- Query blocked tube – Resistance passing suction catheter
- Signs of pressure areas
Ensure spare modified NPT of same size, and one size smaller, with tapes pre-cut are available at the bedside at all times in case of accidental removal.
- Monitor the patient's skin integrity, inspecting the nares at least once per shift or more frequently, ensuring they are pink in appearance. If the nares are white, the tube needs to be re-taped to reduce pressure on the nostril.
- Pressure areas can occur if an NPT is incorrectly sized, too mobile, or tapes are secured too tightly across the cheeks and nares.
- If there is evidence of skin breakdown, medical team should be notified and NPT should be changed to the opposite nare.
- Tapes should be changed as required, if security of tube or patient skin integrity is becoming compromised, or with a routine NPT change.
- Ensure comfeel is always placed on the patient's cheeks to protect skin from damage caused by adhesive tape securing the NPT.
- Document any pressure areas on EMR and upload clinical picture for patient file.
Ongoing Assessment and Monitoring
A thorough respiratory assessment is necessary at shift commencement, and if patient's condition changes. Respiratory assessment should always include auscultation of patient's chest with a stethoscope to assess for air entry with breathing movements.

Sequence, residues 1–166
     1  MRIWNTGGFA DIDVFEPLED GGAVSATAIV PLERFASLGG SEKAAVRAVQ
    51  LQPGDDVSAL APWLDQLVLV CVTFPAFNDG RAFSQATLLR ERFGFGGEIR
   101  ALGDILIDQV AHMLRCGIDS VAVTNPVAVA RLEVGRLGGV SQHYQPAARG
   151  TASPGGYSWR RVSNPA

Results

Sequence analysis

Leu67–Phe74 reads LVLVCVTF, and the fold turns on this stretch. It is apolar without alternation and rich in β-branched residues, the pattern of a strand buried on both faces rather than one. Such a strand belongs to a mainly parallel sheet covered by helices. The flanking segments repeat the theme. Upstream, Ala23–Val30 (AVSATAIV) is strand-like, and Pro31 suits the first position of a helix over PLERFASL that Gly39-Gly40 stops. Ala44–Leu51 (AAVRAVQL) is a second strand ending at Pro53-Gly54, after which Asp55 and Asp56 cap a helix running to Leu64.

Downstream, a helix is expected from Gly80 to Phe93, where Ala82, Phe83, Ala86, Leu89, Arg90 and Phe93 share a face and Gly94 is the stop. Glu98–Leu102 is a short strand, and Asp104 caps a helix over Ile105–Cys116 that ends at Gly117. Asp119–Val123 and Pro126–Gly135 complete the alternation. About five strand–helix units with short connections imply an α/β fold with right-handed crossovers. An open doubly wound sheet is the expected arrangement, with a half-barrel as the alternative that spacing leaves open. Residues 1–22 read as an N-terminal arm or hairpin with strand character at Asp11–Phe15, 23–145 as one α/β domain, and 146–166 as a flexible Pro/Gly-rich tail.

The presence of stridor indicates obstructed breathing, however absence of stridor does not indicate a patent airway.
Continuous pulse oximetry monitoring must be in place for all infants with an NPT inserted for upper airway obstruction. Cardio-respiratory monitoring is important in the first 10 days post insertion of an NPT, but if obstructive episodes have ceased, continuous pulse oximetry may be sufficient after discussion with medical team. If obstructive episodes are still occurring, or the NPT is removed for a trial period, continue with full cardio-respiratory monitoring in addition to the continuous pulse oximetry.
Continuous close observation for respiratory distress and obstructive episodes is essential, as respiratory monitoring may pick up breathing movements, but cannot measure adequate airway airflow.
Suction should be carried out prn and should never exceed more than 0.5cm beyond the tip of the NPT. Lavage by instillation of normal saline is not supported due to the risk of aspiration. If the NPT is suspected to be blocked, the tube will need to be changed.
NPT Trial Out
- NPT trial out occurs two weeks post initial insertion